Minister of Education Adriana LaGrange has introduced legislation that would amend the Teaching Profession Act and make changes affecting teacher certification and teacher discipline processes. Among other things, the changes would introduce an online registry that would share the certification status of teachers and teacher leaders. The registry would allow members of the public to see when teachers have been found guilty of unprofessional conduct.
ATA president Jason Schilling says the Association welcomes the changes, which includes some measures that the Association has been asking for, for a number of years. However, Schilling is concerned about how the minister has messaged this legislation and the changes being proposed.
“The public should have confidence that matters related to teacher conduct have been handled effectively and appropriately by the Association,” says Schilling. “We have had a process that for years has ensured that teachers who behave inappropriately are dealt with and that teachers who have committed gross acts of misconduct are removed from the profession.”
Schilling says the minister’s column in newspapers this weekend amounted to grandstanding and didn’t serve to support public confidence in the profession.
“It is unfortunate that the minister would choose to highlight, without context, a case in which she disagreed with the finding and penalty imposed by an independent discipline committee. That’s fine; that is her right in legislation as the granter of teacher certificates, but her column was inflammatory and included many misrepresentations of how teacher conduct matters are handled in this province.”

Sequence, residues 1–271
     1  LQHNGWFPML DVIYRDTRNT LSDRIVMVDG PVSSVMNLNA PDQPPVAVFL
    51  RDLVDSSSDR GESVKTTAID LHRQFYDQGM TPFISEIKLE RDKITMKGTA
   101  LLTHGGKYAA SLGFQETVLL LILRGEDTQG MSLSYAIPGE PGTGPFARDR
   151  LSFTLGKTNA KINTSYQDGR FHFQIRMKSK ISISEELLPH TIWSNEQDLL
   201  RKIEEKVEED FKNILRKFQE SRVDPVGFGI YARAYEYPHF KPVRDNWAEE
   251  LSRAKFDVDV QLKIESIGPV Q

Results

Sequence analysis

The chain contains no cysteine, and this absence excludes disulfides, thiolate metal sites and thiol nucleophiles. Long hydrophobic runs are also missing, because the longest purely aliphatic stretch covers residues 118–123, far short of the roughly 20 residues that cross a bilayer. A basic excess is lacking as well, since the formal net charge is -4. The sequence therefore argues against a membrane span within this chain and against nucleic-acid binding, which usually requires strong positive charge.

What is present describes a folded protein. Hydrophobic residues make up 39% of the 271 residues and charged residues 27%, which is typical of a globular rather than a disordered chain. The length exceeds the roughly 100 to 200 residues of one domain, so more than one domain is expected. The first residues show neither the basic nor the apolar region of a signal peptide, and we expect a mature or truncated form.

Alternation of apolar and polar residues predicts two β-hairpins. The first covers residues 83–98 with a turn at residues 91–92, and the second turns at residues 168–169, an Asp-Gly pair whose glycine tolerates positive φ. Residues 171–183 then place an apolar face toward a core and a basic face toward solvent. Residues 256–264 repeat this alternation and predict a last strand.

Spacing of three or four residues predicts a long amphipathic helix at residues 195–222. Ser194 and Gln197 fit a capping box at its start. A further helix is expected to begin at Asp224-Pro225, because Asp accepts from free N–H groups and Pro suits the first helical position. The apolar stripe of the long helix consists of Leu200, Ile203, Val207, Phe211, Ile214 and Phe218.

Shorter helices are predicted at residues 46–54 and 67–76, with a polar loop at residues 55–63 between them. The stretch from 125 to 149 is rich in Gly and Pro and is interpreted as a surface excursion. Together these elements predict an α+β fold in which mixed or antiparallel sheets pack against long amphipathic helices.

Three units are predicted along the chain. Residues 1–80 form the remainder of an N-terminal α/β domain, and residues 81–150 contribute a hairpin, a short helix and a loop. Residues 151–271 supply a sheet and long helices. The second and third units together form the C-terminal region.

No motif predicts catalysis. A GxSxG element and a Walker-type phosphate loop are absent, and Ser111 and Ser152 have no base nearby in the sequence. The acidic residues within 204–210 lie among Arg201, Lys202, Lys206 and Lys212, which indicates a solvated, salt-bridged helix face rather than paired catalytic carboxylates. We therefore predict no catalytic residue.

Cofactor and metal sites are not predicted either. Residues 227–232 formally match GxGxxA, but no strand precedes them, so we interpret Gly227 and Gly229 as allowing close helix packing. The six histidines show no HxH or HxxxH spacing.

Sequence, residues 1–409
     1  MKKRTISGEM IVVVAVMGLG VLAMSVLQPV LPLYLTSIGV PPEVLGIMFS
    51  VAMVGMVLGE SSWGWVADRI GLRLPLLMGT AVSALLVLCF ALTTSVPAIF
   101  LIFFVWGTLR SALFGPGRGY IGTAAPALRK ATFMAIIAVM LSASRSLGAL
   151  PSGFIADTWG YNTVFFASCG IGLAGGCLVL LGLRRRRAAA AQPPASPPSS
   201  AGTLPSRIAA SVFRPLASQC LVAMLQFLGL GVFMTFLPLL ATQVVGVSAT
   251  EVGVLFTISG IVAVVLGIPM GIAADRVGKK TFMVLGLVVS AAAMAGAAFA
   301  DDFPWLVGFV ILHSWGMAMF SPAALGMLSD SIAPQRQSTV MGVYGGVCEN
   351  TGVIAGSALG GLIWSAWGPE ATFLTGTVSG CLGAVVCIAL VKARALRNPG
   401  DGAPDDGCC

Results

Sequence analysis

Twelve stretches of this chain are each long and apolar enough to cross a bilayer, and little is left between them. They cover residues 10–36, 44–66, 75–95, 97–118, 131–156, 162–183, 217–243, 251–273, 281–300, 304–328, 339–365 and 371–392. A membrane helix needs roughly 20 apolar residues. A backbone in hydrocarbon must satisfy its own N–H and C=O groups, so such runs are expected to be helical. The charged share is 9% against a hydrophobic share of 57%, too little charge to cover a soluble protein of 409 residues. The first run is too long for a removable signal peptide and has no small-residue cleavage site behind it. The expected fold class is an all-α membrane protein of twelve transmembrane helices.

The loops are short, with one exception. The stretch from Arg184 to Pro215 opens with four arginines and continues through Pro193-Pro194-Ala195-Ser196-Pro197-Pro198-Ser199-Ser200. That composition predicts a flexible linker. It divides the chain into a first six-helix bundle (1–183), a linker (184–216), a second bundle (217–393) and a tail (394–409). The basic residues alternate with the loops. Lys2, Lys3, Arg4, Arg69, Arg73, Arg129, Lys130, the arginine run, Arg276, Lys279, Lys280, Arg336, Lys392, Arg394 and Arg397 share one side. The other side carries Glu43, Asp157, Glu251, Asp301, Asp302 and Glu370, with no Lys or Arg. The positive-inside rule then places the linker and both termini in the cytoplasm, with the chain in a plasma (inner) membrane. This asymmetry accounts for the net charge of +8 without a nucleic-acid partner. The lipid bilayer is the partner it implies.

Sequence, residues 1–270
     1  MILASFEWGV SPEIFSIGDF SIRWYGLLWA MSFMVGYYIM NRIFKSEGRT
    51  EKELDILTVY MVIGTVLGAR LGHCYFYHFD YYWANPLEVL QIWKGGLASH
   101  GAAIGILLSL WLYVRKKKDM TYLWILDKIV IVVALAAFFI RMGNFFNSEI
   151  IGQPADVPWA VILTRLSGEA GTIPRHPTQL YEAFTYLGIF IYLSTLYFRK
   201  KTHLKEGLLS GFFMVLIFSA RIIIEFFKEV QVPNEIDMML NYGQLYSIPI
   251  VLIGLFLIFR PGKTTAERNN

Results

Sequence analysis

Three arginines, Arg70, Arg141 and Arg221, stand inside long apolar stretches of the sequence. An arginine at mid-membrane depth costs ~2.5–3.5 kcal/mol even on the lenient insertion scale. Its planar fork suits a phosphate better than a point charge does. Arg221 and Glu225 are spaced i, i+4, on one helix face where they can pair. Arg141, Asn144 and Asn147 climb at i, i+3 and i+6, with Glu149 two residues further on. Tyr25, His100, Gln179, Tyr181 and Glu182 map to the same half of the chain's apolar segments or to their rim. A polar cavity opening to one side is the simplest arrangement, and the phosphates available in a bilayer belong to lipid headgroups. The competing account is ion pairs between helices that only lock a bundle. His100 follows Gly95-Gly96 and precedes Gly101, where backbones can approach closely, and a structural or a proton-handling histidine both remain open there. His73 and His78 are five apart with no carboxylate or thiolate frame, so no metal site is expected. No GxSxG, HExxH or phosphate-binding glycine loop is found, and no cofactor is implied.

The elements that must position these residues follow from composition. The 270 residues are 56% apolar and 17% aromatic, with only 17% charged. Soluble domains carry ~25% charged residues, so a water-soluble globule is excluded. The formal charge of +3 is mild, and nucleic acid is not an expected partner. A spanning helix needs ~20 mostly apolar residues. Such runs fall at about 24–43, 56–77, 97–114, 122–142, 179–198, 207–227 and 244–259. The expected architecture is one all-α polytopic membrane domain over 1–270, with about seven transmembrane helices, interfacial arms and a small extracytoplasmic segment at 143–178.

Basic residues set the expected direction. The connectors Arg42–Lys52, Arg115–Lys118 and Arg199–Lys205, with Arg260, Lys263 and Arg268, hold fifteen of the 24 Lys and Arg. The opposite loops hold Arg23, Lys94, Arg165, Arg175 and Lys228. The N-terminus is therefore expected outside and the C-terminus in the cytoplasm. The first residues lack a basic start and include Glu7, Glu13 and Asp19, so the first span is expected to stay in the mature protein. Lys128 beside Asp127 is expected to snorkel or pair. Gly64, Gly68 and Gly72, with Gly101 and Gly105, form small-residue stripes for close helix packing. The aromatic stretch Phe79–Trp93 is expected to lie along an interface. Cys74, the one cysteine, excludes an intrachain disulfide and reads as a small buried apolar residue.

The ATA’s process has included many measures to ensure openness and transparency, including hearings that are open to the public and hearing reports that are publicly available upon request. Additional transparency measures, like the online registry, were not possible without legislative or regulatory changes.
Schilling says many of the outstanding concerns related to teacher discipline matters relate to how the Government of Alberta handles discipline of members not governed by the ATA. He says the process that has been used for superintendents and teachers in private and charter schools is much more secretive than the processes used by the Association, and he is hopeful that this legislation and associated regulations will resolve these issues.
For a considerable period of time now, the Alberta Teachers’ Association has been interested in making changes to its decades-old professional conduct process that would create efficiencies and align them with the current standards and practices of other professional regulatory bodies.
“We hope to see the changes being proposed will enhance our processes to ensure the profession’s ability to uphold high standards of conduct, protect the public interest and contribute toward public assurance,” says Schilling.